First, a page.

Friday night bikes: helping immigrants get rolling in their new city
It’s an unexpected sight to say the least. On most Friday evenings, if you walk past reception at the Citadel Community Centre and climb a flight of stairs, you’ll find eight or so people repairing bicycles — on the landing.
If you squeeze past the commotion, you’ll find a large storage room dominated by countless old bicycles. They’re awaiting repair and then assignment to new owners from the city’s fast-growing immigrant population.
“We’re one of the few organizations like this that does not need more volunteers right now, but I expect that to change as we grow, so we’re always glad to hear from skilled mechanics,” says Adam Berry, who manages the Welcoming Wheels project for the Ecology Action Centre and its partners.
And it turns out that sharing a passion for biking is a great way to overcome linguistic and cultural barriers. Adam estimates 80 per cent of the volunteers at Welcoming Wheels are themselves recent immigrants.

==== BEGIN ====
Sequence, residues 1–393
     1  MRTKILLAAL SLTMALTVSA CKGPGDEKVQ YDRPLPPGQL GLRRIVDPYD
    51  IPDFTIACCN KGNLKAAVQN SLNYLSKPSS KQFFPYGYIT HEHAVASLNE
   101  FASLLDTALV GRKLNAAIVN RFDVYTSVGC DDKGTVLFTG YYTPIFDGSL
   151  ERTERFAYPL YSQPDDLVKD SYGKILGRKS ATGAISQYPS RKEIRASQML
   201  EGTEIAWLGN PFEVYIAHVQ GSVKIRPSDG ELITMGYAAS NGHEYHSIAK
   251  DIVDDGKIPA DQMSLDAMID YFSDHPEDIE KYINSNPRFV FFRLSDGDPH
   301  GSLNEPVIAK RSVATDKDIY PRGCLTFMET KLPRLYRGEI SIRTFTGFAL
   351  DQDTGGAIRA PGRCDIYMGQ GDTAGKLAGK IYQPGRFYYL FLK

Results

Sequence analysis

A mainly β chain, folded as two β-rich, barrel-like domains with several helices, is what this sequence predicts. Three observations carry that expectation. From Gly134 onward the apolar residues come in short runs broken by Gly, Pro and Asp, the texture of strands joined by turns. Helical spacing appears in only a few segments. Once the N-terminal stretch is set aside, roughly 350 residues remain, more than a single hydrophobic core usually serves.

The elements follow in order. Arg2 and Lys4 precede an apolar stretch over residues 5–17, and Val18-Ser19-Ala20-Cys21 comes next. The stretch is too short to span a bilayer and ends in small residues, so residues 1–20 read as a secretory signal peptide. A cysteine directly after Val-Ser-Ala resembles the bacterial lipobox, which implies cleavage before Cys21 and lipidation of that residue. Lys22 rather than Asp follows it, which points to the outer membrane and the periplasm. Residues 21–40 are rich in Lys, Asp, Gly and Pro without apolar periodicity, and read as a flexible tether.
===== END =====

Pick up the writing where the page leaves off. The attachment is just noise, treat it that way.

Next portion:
On the face of it, the project is simple: repair donated bicycles and give them to newcomers. But there’s more to it. Some volunteers are regulars on Friday nights, others take on tasks such as collecting the bikes, managing inventory, raising money, training people to ride safely on Halifax streets, translating, and organizing the distribution of street-ready bikes.
Ephraim Mapendo walked in with his bike while Adam and I were talking about all this. Adam eyed the tires and suggested Ephraim add some air. That segued into a discussion about whether narrow or wide tires are better for riding in the snow.
“Yep. Ephraim lives in Spryfield and needs his bike to get to work at the Walmart in Bedford.”
Adam, an enthusiastic BMX biker who recommends narrow tires for snow, said Ephraim is an example of one of his earliest insights at Welcoming Wheels: “Like most of the world, immigrants want bikes for economic reasons, not recreation. North Americans see it is as hobby, which is probably why we have the lowest bike ridership anywhere.”
Well, hobby or not, volunteers are drawn to the landing on Friday nights to fix bikes and, at break-time, enjoy traditional Canadian cuisine — pizza.